Several hours later, after many tears and a stiff shot of scotch, Robert left her to confront Control, who took the meeting outside when he saw Robert in his office doorway. He kept them moving down the street, fobbing off demands for information until they reached a sufficiently busy plaza that had vantage points to commandeer.
"All right," he said, seizing the initiative, "letís talk. Try not to yell."
Robert caught his breath. The swift walk had taken most of the immediate fire out of his challenge, as he knew had been intended. "Ming Chao Tsu."
"Yes," Control sighed. "Weíll be a while untangling that. Stock told me he saw you last night. My condolences to Ann, by the way, for what theyíre worth. Has she talked of revenge yet?"
"She doesnít know who to aim it at. The Chinese government is a bit too large a target for even my wife."
"The Chinese government? Why would she go after them?"
Robert frowned. "Theyíd been pressuring Chao Tsu, probably for information. I know she was working with the dissidents." He broke off at the look Control was giving him.
"Robert," Control said slowly, "Chao Tsu was a deep cover agent of the Chinese working to infiltrate the dissident cells in the Northeast and to discover what American support those cells were getting."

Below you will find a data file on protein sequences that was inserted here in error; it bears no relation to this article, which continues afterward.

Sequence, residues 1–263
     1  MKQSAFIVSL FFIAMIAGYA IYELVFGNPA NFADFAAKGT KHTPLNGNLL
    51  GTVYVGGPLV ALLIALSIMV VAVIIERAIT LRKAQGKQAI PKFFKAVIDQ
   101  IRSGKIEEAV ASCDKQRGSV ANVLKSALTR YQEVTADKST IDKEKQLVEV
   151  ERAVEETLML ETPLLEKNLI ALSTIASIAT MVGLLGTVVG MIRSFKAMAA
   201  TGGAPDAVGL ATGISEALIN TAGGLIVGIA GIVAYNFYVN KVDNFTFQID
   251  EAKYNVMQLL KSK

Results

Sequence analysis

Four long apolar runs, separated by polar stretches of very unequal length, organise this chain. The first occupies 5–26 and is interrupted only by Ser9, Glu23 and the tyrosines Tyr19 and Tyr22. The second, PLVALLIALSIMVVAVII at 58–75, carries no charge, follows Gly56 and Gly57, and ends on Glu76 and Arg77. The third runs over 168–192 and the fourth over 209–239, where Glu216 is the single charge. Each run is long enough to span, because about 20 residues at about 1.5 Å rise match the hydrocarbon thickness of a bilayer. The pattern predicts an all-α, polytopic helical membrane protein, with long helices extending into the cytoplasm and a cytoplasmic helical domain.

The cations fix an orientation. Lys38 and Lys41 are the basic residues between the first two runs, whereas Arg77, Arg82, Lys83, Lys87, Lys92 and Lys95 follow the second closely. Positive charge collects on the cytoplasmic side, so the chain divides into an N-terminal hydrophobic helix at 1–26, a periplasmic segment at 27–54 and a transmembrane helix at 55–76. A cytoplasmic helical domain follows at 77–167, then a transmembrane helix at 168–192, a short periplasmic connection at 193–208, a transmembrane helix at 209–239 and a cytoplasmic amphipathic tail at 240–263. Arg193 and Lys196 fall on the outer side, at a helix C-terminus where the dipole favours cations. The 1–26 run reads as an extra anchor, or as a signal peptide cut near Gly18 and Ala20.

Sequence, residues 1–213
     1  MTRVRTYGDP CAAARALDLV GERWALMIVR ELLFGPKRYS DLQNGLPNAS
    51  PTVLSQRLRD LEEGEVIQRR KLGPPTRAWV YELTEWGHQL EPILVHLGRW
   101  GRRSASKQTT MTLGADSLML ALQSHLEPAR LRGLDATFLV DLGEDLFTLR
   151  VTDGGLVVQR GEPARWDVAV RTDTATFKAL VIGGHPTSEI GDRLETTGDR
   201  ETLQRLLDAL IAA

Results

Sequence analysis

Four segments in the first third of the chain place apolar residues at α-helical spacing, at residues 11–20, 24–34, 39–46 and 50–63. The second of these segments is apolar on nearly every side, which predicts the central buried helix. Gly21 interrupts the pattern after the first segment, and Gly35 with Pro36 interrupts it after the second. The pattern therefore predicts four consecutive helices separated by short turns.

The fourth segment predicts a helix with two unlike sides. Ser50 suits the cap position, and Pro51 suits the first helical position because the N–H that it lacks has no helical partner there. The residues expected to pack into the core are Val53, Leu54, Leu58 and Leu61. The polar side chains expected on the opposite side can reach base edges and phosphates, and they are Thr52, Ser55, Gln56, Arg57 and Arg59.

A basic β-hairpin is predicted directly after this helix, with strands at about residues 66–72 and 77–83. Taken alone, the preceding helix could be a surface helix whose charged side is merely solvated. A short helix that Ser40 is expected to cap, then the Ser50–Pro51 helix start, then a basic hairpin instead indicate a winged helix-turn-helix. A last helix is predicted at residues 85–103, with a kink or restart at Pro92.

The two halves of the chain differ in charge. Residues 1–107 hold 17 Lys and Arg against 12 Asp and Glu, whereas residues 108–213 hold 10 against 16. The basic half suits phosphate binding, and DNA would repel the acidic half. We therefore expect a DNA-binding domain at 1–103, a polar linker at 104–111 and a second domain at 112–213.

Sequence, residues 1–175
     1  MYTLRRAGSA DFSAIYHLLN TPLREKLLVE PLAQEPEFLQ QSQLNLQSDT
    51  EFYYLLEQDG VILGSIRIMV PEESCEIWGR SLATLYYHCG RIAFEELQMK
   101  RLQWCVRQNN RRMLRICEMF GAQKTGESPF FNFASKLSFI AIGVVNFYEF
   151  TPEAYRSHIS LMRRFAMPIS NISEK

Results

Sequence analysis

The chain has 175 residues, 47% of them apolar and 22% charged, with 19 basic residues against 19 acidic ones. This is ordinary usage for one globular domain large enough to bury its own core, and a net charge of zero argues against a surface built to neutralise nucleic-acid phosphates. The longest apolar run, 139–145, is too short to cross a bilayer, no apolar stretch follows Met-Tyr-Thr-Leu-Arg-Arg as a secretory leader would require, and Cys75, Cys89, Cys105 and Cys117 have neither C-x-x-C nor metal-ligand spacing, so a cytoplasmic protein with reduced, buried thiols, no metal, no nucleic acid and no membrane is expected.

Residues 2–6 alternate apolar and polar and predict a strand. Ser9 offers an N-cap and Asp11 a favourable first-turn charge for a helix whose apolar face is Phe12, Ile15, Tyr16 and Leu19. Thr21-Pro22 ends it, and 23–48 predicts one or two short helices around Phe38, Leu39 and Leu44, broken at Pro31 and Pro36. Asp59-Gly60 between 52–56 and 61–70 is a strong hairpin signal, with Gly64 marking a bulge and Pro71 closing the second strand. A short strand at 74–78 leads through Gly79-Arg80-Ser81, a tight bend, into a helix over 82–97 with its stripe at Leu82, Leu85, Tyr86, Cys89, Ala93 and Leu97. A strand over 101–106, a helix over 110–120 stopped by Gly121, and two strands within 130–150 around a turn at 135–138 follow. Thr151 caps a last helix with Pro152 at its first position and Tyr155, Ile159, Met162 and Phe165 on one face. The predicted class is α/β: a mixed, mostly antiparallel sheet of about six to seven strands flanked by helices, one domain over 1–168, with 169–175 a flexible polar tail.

Robert leaned back against a convenient wall and stared.
Control took up a more comfortable perch on the edge of a garbage can. "I got this information from the Eastern office yesterday. I was trying to get hold of you but kept missing."
"Are they sure?" Robert finally asked.
Control nodded. "They had her tracked back to the Chinese intelligence finishing school in Suchow, where she graduated eight months before going to Harvard. She was groomed from childhood."
"No!" Robert protested. "Sheís been in my house, Iíve been in hers, Iíve gotten drunk with her. Hell, Iíve even sat in a hot tub with her. I know how to spot agents, and she never once set off alarms."
"You know what deep cover is like. You forget who you are. And when she was visiting with Ann and you, she was probably putting all the rest behind her. Nowhere does it look like she knew who you are. And besides," he added wryly, "were you looking for an enemy agent? Or were you just seeing an old friend of your wifeís?"